Category Archives: Just for Fun
I spent the weekend at a friend’s cottage. On Saturday morning as I read my book in the sun, an object helicoptered out of the sky and landed on my page.
I took time to examine it closely. The maple key looked like a feathered wing.
After lunch I sat with our friends to enjoy a drink. A dark dragonfly landed on my arm and stood out in contrast to the white shirt I was wearing. I appreciated its presence and examined the wings closely until it flew away. I didn’t expect the visit, so I didn’t have a camera handy, but this photograph by Kirsten Pauli will give you the idea.
The sky on Sunday morning looked like this.
I took some time to appreciate three simple gifts of wings from nature. I felt rich.
The glass that had held my drink on Saturday afternoon read, “To be rich is no longer a sin; it’s a miracle.” I dislike the word sin and I don’t really believe in it, but I might be convinced to believe in the miracle of the gift of wings.
The newel knob of our banister is a catch-all for items of clothing, headphones and strappy purses. Yesterday, those items coincidentally fell into place so it looked like we had a new family member.
I posted the picture on my Facebook feed and immediately received suggestions to give our creation a name. All of us picked up a “he” vibe even though the scarf and hat belong to my daughter. Stumpy, Lanister, and Billy Bannister were some ideas. A clever friend suggested Roger to pay homage to the runner.
Cows with names make more milk, so there must be something to the idea that to be named is to be worthy of love. We name or pets, cars, boats, and stuffed animals. When we name them we make them part of our family, and we love them.
If we number things things—or people—on the other hand, it deems them unworthy of love, dehumanizes them. The Nazis knew this.
When we bestow a name, when we take time to ponder possibilities, filter through meanings, and find just the right feeling, it is an act of love.
For some reason, I found the name Philip hilarious. Welcome to our family Philip Banister. I can tell you’re the kind of guy who has never relied on looks to get by so you developed a killer sense of humour. I expect we’ll have lots of laughs together.
I’d love to hear about the named things you love.
This is where I am this week.
This is what I’m doing this week.
This is what my family is doing this week. Not me, I don’t like maple syrup. Yuck.
This is what I will eat this week. I don’t like maple syrup, but I do love St. Hubert chicken.
A ski trip—and some St. Hubert chicken—to refill the well.
Today’s topic brought to you by: 300 Writing Prompts.
My son and his girlfriend teamed up and their brainstorming led to this book as one of my Christmas gifts. It contains three hundred ideas to set me (and you) thinking. I flipped through it this morning.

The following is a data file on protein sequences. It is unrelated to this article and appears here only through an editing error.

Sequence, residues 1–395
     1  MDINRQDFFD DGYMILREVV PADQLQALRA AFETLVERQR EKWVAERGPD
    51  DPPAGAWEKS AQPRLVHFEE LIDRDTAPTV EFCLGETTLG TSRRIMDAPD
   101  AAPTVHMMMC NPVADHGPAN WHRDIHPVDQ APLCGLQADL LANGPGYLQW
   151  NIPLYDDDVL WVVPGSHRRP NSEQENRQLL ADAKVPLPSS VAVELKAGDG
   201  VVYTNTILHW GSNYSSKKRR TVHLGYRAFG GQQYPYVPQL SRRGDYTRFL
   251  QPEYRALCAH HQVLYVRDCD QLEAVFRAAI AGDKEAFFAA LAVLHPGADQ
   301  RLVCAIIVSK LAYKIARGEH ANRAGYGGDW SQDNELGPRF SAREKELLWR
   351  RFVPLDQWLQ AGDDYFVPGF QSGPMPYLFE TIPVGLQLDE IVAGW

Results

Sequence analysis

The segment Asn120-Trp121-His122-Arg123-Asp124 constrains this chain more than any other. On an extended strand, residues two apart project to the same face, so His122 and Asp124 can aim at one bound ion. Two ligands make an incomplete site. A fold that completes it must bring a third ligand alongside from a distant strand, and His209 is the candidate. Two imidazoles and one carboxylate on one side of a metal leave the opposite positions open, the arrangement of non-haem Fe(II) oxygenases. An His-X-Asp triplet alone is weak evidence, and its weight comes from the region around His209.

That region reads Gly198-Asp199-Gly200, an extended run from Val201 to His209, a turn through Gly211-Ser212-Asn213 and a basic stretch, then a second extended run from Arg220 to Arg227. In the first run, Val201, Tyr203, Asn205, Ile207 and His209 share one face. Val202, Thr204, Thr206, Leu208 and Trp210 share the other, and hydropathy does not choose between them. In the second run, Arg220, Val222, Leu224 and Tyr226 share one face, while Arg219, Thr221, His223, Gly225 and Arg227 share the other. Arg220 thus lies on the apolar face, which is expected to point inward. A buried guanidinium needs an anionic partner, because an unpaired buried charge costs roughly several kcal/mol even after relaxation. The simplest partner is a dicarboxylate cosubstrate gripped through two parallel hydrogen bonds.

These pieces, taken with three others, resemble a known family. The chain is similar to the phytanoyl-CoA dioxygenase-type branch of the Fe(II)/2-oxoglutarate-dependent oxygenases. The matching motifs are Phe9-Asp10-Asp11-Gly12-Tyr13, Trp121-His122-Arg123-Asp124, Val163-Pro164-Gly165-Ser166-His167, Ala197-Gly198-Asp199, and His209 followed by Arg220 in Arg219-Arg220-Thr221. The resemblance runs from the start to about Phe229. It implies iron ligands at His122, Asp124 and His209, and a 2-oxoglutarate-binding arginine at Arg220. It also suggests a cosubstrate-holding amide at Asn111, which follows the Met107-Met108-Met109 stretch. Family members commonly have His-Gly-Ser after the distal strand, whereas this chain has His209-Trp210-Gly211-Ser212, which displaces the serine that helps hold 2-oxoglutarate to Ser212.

I passed by “What color do you feel like today?” (Blue, but in the good way. Not much more to say about that.)
I turned the page quickly from “How clean is your house now?” Not going there.
I landed on “What is something you learned in the past few days?”
I thought back to the scrap of paper left lying about on one of the desks at one of the places where I work. (I have too many jobs, really.) Someone had written the word OBSTREPEROUS in well-spaced capital letters. I picked the paper up. “What’s this about?” I asked.
A co-worker, whose first language is not English, said, “What does it mean?”
I thought about this. I had heard the word before and I could take a stab at a definition, but when it came right down to it I had to confess that I wasn’t sure. “I think it means grumpy,” I said. “I’ll look it up.”
I searched Oxford Dictionaries and came up with: “Noisy and difficult to control.”
“Ah,” I said. “I understand how I was confused. People who are obstreperous make other people grumpy.”
Why was OBSTREPEROUS lying around on the work station? I would tell you, but thinking about it makes me a little grumpy.
What have you learned in the past few days?
During our renovation we peeled back the layers of our kitchen and made some discoveries.
We uncovered the original wallpaper from the 1960s that had lurked behind our cupboards all along.
When we knocked out a pantry, we found tile of the same vintage.
Removing some drywall showed us it that had never been properly attached to 2 x 4s as crooked as Wayne Gretzky’s hockey stick.
We also found inadequate insulation and . . . creative . . . electrical wiring. Our kitchen had worn a costume that covered up unseen details and flaws.
A beautiful costume is important, but it’s only as good as what’s below the surface. At Hallowe’en we are fixing all the problems and preparing a new costume for a brighter, more open, more functional and safer kitchen.
When it’s finished, we’ll love the new costume—and what’s below the surface too.